Encyclopedia of Medical Immunology

Living Edition
| Editors: Ian MacKay, Noel R. Rose

C1 Deficiency and Associated Disorders

  • Berhane GhebrehiwetEmail author
Living reference work entry
DOI: https://doi.org/10.1007/978-1-4614-9209-2_11-1

Introduction

The complement system is a strictly regulated and highly complex effector system whose major function is to recognize and eliminate pathogens as well as altered self-antigens. Therefore, it constitutes a very powerful arm of the innate and adaptive immune systems with unique ability to discriminate self from nonself and eliminate “danger” through a wide array of processes that include phagocytosis and cytolytic mechanisms. Although there are three interdependent pathways of complement activation – classical, alternative, and lectin – only the role of the classical pathway and the consequences of deficiency in any of the components that initially trigger its activation are discussed here. The first component of complement (Table 1) is a multimolecular complex comprising of one molecule of C1q and the Ca 2+-dependent tetramer – C1r-C1s-C1s-C1r – which give rise to the pentameric complex: C1q.C1r 2.C1s 2found in plasma. Each molecule within this complex plays a sequential and...
This is a preview of subscription content, log in to check access.

References

  1. Amano MT, Ferriani VP, Florido MP, Resis ES, Delcolli MI, Azzolini AE, et al. Genetic analysis of complement C1s deficiency associated with systemic lupus erythematosus highlights alternative splicing of normal C1s gene. Mol Immunol. 2008;45:1693–702.CrossRefPubMedGoogle Scholar
  2. Arlaud GJ, Gaboriaud C, Thielens NM, Rossi V, Bersch B, Hernandez J-F, et al. Structural biology of C1: dissection of a complex molecular machinery. Immunol Rev. 2001;180:136–45.CrossRefPubMedGoogle Scholar
  3. Calcott MA, Muller-Eberhard HJ. C1q protein of human complement. Biochemistry. 1972;11:3443–50.CrossRefPubMedGoogle Scholar
  4. Cooper NR. The classical complement pathway: activation and regulation of the first complement component. Adv Immunol. 1985;37:151–216.CrossRefPubMedGoogle Scholar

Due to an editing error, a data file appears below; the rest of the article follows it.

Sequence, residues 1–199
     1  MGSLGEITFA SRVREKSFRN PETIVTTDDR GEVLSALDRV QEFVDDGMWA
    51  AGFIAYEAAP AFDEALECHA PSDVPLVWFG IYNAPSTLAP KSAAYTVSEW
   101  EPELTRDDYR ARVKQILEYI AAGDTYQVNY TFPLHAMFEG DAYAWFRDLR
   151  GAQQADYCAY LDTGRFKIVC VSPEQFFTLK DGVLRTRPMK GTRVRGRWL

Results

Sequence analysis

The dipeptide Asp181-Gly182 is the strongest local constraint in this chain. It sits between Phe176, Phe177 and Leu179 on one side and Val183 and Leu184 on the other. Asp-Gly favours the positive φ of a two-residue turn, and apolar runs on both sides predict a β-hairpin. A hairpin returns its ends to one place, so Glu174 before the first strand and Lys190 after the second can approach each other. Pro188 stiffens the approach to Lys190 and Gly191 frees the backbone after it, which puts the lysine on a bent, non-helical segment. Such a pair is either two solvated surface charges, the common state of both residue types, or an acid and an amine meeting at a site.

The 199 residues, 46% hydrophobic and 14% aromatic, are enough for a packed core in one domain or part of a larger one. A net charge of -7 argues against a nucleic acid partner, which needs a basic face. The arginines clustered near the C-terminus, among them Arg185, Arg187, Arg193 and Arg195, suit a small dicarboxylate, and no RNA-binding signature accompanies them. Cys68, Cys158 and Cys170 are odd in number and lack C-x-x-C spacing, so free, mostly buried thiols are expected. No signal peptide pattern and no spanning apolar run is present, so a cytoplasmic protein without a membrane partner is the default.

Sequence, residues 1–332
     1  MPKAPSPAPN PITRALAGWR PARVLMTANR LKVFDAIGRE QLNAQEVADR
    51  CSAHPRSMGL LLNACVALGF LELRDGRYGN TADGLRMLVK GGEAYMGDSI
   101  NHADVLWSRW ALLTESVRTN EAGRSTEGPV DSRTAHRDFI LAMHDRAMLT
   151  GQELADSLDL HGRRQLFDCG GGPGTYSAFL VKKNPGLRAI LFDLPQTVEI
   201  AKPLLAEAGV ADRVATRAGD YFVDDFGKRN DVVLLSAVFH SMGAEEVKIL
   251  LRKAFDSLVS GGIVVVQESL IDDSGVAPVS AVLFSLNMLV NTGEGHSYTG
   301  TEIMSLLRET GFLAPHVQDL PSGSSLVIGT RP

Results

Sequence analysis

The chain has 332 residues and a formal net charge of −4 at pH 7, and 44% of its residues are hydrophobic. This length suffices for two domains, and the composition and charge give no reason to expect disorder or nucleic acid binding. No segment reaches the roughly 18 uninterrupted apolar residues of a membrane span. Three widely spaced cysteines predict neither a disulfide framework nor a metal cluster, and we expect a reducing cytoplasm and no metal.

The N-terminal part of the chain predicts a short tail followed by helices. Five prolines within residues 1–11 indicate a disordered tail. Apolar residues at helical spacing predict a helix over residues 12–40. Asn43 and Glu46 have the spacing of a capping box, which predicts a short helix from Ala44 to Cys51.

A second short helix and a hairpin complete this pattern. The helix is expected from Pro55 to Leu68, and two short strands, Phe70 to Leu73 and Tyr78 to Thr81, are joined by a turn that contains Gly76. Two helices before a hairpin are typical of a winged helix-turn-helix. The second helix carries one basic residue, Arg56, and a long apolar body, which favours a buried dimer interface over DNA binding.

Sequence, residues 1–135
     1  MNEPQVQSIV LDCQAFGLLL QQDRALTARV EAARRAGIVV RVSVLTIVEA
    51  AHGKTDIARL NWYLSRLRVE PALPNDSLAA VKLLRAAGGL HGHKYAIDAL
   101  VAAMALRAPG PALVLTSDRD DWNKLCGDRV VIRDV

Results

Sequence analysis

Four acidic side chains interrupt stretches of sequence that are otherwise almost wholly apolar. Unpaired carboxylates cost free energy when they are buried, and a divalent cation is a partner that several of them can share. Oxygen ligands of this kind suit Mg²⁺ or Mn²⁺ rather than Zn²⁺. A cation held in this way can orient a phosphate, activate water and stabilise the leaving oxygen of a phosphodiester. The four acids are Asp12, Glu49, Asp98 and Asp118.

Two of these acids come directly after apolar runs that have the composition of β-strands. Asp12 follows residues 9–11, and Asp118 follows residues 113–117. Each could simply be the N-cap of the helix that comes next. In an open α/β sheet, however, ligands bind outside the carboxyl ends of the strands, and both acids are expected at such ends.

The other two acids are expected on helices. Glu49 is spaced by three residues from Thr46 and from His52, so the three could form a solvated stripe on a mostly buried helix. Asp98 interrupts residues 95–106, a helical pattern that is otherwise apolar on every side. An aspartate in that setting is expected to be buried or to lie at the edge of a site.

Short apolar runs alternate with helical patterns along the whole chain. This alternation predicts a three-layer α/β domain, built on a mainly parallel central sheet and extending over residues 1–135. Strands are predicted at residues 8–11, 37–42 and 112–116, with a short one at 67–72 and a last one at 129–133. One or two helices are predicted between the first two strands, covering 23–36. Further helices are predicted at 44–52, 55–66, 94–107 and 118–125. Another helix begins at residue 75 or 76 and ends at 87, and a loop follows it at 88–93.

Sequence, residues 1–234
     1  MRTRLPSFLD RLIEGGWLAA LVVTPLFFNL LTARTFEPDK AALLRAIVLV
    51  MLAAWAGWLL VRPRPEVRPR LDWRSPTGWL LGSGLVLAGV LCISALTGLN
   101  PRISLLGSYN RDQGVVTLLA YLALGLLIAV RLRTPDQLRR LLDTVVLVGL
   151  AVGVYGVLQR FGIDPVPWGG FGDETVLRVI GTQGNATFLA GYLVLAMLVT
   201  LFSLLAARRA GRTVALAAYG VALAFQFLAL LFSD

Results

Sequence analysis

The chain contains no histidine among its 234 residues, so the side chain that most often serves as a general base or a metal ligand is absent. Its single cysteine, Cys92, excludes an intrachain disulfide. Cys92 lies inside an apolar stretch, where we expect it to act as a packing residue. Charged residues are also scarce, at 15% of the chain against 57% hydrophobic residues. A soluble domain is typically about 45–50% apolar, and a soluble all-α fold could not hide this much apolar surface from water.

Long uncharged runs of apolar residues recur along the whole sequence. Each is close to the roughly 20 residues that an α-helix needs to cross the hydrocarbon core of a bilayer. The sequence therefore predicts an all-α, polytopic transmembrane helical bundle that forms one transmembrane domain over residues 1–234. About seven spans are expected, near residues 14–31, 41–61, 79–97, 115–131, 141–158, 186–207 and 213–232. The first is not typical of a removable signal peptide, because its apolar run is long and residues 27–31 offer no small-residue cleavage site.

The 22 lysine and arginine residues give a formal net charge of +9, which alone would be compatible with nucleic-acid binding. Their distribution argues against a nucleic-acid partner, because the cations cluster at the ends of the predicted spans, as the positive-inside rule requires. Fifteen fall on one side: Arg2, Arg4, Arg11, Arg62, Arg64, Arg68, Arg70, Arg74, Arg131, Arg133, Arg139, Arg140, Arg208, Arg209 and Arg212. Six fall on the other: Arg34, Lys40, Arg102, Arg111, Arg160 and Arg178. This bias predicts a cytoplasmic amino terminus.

5. Day NK, Geiger H, Stroud R, de Bracco M, Mancado B, Windhorst D, Good RA. C1r deficiency: an inborn error associated with cutaneous and renal disease. J Clin Investig. 1971;51:1102–8.CrossRefGoogle Scholar
  6. Gaboriaud C, Païdassi H, Frachet P, Tacnet-Delorme P, Thielens NM, Arlaud GJ. C1q: a versatile pattern recognition molecule and sensor of altered self. In: Kilpatrick D, editor. Collagen-related lectins in innate immunity (Research Signpost), vol. 81; 2007. p. 1–15.Google Scholar
  7. Ghebrehiwet B, Lim BL, Kumar R, Feng X, Peerschke EI. gC1q-R/p33, a member of a new class of multifunctional and multicompartmental cellular proteins, is involved in inflammation and infection. Immunol Rev. 2001;180:65–77.CrossRefPubMedGoogle Scholar
  8. Ghebrehiwet B, Hosszu K, Valentino A, Peerschke EIB. The C1q family of proteins: insights into the emerging non-traditional functions. Front Immunol. 2012;3.pii:52.3:1–9.Google Scholar
  9. Hong Q, Sze C-I, Lin S-R, Lee M-H, He R-Y, Schultz L, Chang J-Y, Chen S-J, Boackle RJ, Hsu L-J, Chang N-S. Complement C1q activates tumor suppressor WWOX to induce apoptosis in prostate cancer cells. PLoS One. 2009;4(6):e5755.CrossRefPubMedPubMedCentralGoogle Scholar
  10. Lahita RG. Systemic lupus erythematosus. Third ed. NY: Academic Press, New York; 1999.Google Scholar
  11. McAdam RA, Goundis D, Reid KBM. A homozygous point mutation results in a stop codon in the C1q B-chain of a C1q deficient individual. Immunogenetics. 1988;27:259–64.CrossRefPubMedGoogle Scholar
  12. Païdassi H, Tacnet P, Garlatti V, Darnault C, Ghebrehiwet B, Gaboriaud C, Arlaud GJ, Frachet P. C1q binds phosphatidylserine and likely acts as a multiligand bridging molecule in apoptotic cell recognition. J Immunol. 2008;180:2329–38.CrossRefPubMedPubMedCentralGoogle Scholar
  13. Pickering MC, Botto M, Taylor PR, Lachmann PJ, Walport MJ. Systemic lupus erythematosus, complement deficiency, and apoptosis. Adv Immunol. 2000;76:227–34.CrossRefPubMedGoogle Scholar
  14. Reid KBM. Molecular cloning and characterization of the complementary DNA and gene coding for the B chain subcomponent C1q of the human complement system. Biochem J. 1985;231:729–35.CrossRefPubMedPubMedCentralGoogle Scholar
  15. Sellar GC, Blake DJ, Reid KBM. Characterization and organization of the genes encoding the A-, B-, and C- chains of human complement subcomponent C1q. Biochem J. 1991;274:481–91.CrossRefPubMedPubMedCentralGoogle Scholar
  16. Shapiro L, Scherer PE. The crystal structure of a complement-1q family of protein suggests an evolutionary link to tumor necrosis factor. Curr Biol. 1998;8:335–8.CrossRefPubMedGoogle Scholar
  17. Shelton E, Yonemasu K, Stroud RM. Ultrastructure of the human complement component C1q. Proc Natl Acad Sci U S A. 1972;69:65–8.CrossRefPubMedPubMedCentralGoogle Scholar
  18. Singh J, Ahmed A, Girardi G. Role of complement component C1q in the onset of preeclampsia in mice. Hypertension. 2011;58:716–24.CrossRefPubMedGoogle Scholar
  19. Skattum L, van Deuren M, van der Poll T, Truedson L. Complement deficiency states and associated infections. Mol Immunol. 2011;48:1643–55.CrossRefPubMedGoogle Scholar
  20. Stephan AH, Madison DV, Mateos JM, Fraser DA, Lovelett EA, Coutellier L, Kim L, Tsai H-H, Huang EJ, Rowitch DH, Berns DS, Tenner AJ, Shamloo M, Barres BA. A dramatic increase of C1q protein in the CNS during normal aging. J Neurosci. 2013;33:13460–74.CrossRefPubMedPubMedCentralGoogle Scholar

Copyright information

© Springer Science+Business Media LLC 2016

Authors and Affiliations

  1. 1.The Department of MedicineStony Brook UniversityNew YorkUSA
  2. 2.Health Sciences CenterStony Brook University School of MedicineNew YorkUSA

Section editors and affiliations

  • Kathleen Sullivan
    • 1
  1. 1.University of PennsylvaniaPhiladelphiaUSA